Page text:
Tuesday, Nov 19, 2019
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Doctors stage protest at PMH

Junior physicians demonstrated in front of Princess Margaret Hospital (PMH) yesterday, claiming they are being ill-treated and that they are being denied certain key benefits.

“The government of The Bahamas has consistently shown its utter disregard for the worth of junior physicians,” the Bahamas Doctors Union(BDU) said in a statement.

The doctors claim they are being denied maternity benefits. They are also demanding holiday pay and allege that medical licenses have been revoked because of changes to licensing requirements, and that contracts have been issued in a manner that is not in line with their industrial agreement.

“We’ve sat at the table and we’ve asked for these issues to be addressed but they have not,” said BDU President Dr. Melisande Bassett during the protest.

“There is no reason why in the 21st century we should be battling you for basic human rights and basic human dignity. We ask that you sit with us.

“Talk with us sensibly, truthfully, honestly and deal with these simple issues that no Bahamian worker, whether they’re for a private entity or much less the government, should have to face.”

In response to the allegations made by the BDU regarding medical licenses and contracts, Minister of Health Dr. Duane Sands said he would not be able to intervene.

“There is no legal option for the minister to interpose him or herself into the decision-making of the [Bahamas Medical] Council (BMC). That would be political interference,” he said.

“The Medical Council functions with a degree of legal autonomy and any decision that an individual or group feels they are [aggrieved by] then they have the right to try for relief through the courts of The Bahamas. Furthermore, the Medical Council has no interest in any industrial agreement because each and every physician is licensed and registered in his or her own right and his or her own merit.”

Sands said the allegation concerning the lack of holiday pay was perhaps the most “significant in terms of the longstanding lack of resolution dating to 2015”.

He said he hopes the matter could be successfully resolved.

In its statement, the Doctors Union claimed junior physicians who work on public holidays have consistently not been compensated.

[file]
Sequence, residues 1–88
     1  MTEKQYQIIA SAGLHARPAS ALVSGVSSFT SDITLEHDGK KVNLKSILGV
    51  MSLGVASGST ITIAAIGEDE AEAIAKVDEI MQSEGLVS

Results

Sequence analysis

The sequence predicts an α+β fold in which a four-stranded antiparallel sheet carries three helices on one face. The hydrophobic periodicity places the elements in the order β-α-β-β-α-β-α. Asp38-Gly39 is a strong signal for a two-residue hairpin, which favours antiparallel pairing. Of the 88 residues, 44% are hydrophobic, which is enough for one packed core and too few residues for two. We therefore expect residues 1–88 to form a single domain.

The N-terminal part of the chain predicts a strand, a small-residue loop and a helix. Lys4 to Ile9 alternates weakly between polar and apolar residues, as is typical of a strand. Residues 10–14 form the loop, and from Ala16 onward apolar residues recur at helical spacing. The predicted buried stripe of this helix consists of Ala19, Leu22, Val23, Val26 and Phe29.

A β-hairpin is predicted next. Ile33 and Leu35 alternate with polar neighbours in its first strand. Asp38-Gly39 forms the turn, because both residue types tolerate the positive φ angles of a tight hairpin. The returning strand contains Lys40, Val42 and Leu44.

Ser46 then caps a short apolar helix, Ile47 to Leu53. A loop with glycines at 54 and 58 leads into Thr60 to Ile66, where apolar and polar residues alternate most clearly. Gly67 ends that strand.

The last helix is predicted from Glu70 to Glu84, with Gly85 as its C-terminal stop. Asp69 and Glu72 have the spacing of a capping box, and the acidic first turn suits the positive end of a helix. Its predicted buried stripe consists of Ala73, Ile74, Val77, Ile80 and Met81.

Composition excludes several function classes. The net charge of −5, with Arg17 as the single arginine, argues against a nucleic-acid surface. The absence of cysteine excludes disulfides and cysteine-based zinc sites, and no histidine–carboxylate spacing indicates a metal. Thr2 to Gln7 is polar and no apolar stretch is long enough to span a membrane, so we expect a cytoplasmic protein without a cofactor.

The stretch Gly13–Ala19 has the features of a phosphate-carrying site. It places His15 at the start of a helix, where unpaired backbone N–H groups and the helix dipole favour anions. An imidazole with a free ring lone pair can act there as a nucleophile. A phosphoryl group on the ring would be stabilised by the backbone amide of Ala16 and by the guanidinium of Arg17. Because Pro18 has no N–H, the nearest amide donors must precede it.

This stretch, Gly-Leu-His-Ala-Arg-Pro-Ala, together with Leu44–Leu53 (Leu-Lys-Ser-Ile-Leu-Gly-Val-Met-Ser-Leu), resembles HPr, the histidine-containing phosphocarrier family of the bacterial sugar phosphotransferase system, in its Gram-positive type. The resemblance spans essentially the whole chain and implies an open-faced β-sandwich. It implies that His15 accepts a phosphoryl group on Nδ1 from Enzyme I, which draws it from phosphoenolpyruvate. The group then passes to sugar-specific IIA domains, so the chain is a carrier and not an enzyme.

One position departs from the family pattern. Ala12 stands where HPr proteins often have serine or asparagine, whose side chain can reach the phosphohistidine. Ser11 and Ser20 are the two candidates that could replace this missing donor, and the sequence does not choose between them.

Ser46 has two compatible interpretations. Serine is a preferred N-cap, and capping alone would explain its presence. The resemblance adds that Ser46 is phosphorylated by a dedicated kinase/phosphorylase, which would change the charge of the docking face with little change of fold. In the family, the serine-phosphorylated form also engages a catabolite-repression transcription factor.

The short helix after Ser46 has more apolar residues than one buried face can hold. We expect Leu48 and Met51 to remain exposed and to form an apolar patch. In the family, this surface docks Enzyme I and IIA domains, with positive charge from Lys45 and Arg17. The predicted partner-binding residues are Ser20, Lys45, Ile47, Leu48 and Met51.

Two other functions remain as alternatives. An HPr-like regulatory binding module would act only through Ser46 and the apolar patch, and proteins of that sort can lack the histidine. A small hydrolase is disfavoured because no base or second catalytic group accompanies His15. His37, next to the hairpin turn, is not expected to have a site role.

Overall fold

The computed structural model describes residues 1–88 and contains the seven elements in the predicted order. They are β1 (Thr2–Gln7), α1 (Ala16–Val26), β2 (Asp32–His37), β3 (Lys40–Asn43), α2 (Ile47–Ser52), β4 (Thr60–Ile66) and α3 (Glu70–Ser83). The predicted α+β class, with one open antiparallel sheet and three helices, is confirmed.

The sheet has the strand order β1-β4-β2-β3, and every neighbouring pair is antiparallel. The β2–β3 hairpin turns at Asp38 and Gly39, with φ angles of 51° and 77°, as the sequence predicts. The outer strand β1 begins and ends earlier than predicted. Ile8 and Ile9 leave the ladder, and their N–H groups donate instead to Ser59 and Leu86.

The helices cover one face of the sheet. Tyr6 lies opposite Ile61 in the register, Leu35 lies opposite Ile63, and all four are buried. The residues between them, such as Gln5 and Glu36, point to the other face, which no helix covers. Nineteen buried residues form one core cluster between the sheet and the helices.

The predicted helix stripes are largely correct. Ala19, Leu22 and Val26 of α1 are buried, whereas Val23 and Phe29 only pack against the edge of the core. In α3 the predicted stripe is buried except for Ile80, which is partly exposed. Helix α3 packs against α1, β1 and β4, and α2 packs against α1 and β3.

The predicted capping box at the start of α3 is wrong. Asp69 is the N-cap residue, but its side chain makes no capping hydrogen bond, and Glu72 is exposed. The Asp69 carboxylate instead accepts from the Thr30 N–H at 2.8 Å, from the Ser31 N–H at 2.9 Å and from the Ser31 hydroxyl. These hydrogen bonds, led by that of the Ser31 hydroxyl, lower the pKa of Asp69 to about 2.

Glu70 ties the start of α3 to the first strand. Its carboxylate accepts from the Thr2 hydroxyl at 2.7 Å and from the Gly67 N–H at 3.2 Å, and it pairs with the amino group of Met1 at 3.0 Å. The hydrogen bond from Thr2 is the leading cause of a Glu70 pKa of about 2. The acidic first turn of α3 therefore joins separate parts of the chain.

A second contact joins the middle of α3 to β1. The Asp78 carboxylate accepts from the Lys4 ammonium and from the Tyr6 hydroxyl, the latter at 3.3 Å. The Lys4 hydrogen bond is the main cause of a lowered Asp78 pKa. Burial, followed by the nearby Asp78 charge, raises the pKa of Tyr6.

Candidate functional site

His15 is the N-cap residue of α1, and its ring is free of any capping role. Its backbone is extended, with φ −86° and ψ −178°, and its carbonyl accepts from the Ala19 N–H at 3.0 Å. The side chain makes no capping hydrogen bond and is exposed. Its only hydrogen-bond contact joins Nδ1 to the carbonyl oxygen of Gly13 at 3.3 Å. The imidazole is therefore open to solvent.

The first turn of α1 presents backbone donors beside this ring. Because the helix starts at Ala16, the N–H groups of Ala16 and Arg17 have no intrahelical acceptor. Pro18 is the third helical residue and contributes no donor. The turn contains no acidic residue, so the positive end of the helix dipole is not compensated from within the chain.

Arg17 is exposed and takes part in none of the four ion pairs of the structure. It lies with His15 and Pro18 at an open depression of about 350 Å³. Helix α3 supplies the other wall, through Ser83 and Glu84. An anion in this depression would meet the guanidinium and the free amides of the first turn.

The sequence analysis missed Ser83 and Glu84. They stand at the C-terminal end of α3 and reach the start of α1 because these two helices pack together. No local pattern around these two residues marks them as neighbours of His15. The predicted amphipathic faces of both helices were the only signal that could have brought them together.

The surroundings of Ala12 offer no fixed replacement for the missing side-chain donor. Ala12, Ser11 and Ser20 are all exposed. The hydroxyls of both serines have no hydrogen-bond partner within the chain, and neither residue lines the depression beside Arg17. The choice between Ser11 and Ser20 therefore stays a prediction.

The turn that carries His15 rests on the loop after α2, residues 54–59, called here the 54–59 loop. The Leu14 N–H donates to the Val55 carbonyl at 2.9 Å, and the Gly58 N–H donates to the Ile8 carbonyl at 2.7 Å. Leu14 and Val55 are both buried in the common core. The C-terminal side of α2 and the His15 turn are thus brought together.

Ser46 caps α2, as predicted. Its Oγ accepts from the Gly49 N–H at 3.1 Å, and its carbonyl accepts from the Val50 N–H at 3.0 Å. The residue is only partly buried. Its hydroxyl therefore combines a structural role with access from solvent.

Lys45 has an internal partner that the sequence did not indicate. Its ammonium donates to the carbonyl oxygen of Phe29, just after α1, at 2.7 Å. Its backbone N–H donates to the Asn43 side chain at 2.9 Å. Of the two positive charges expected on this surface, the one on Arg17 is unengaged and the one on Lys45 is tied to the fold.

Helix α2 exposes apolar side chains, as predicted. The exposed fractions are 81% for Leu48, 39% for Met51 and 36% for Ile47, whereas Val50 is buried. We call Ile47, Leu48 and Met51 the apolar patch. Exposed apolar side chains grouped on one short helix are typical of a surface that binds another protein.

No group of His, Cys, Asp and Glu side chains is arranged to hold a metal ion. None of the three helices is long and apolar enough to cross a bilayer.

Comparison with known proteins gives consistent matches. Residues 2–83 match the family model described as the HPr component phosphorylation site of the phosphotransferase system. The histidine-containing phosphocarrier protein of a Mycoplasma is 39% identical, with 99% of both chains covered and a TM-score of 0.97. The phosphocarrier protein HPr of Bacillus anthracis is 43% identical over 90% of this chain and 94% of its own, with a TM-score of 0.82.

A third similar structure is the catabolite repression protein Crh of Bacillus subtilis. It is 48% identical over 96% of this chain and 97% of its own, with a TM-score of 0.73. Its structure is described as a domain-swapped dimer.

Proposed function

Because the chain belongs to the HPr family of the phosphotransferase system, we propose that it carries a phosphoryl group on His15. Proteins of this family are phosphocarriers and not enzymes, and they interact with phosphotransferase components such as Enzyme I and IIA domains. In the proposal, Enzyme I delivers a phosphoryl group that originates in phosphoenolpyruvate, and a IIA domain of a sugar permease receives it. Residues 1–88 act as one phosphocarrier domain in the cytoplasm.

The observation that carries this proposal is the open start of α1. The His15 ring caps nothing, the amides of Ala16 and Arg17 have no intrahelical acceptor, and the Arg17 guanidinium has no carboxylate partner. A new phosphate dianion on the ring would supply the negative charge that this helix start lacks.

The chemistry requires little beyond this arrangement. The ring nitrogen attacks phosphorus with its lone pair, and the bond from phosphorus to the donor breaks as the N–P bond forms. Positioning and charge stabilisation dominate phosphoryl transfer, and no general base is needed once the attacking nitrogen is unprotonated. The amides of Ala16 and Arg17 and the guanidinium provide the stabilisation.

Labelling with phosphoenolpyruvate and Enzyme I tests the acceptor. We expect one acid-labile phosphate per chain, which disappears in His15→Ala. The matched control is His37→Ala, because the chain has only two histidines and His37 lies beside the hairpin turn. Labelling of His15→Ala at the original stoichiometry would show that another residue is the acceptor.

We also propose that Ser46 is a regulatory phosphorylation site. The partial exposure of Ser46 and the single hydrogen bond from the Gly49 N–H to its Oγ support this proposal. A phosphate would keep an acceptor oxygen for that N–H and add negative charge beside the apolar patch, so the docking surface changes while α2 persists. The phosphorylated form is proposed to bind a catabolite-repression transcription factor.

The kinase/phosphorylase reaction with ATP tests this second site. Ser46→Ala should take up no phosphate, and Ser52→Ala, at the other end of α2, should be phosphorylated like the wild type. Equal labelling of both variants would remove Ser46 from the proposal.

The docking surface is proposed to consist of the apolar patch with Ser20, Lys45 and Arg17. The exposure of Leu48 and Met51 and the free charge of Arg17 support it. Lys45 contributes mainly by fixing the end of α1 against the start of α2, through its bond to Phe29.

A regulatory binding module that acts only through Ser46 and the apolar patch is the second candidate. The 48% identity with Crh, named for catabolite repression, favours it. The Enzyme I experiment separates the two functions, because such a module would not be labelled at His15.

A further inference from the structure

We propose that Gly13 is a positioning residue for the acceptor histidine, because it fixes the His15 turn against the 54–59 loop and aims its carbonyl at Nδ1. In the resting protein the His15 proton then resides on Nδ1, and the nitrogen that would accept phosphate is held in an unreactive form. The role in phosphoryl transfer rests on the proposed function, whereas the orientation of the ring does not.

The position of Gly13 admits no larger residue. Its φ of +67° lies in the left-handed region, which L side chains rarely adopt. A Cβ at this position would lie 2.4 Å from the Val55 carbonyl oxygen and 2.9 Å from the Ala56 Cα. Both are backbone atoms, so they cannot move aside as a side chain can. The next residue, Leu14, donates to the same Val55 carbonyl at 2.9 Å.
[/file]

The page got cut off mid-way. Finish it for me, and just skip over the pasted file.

“For us, this is personal,” the union said. “In a field where eating Christmas dinner from a Tupperware container or celebrating special events vicariously through photographs has become the norm, it is unfair and outright criminal to be denied holiday pay.”

The Doctors Union also said it has taken legal action over the maternity benefits issue.

“It is shameful that we have to go to such lengths to obtain the basic right that are afforded to us by law,” it said.

 The issue of denial of maternity benefits comes down to double dipping, according to Sands.

“All of the doctors have insurance,” he said.

“But the Public Hospitals Authority (PHA) says that maternity benefits do not kick in until a year after you’ve been working. But, the definition of when you are a full-time employee of the Public [Hospitals] Authority is what is in question here.”

Sands added: “Some people believe that ‘if I get pregnant now that’s a bonus’. Some employers believe, ‘if I have been paying the employee on full benefits on maternity, then NIB is reimbursing me because I no longer have the benefit of this employee at work’.

“That is the point of contention as it relates to that particular benefit. So, there’s been back and forth between what is fair, what is equitable, what is the agreement and so forth.”

He added that there were ongoing cases where the PHA said that three women were not eligible for maternity leave because they had gotten pregnant “within that time”.

Sands added: “There has been a back and forth discussion regarding whether that policy is fair, reasonable and so on and so forth.”

Conditions of PMH

Nurses also supported the protest.

Bahamas Nurses Union (BNU) President Amancha Williams said the challenges at PMH were well known.

“The condition of the hospital is in a poor state and they need the government to react very quickly or we will escalate,” Williams said.

“We need them to come and react on what is happening in the hospital and do what is needed to be done. We’re tired of being neglected. We [aren’t] asking for nothing, you know. All we are asking them to [do is follow], like Dr. Bassett said, what is in the policy. They have an industrial agreement. The government failed to carry out the industrial agreement. Honor your industrial agreement.”

Sands acknowledged yesterday that the hospital has “significant challenges” but said these were legacy issues that he was seeking to correct.

“The process of making those corrections, however, is more than just waving a magic wand,” he said.

“It involves planning, it involves financing, it involves redevelopment and construction, etc. We are in the process of doing exactly that.”

Jasper Ward

Staff Reporter at The Nassau Guardian
Jasper Ward started at The Nassau Guardian in September 2018. Ward covers a wide range of national and social issues.
Education: Goldsmith, University of London, MA in Race, Media and Social Justice
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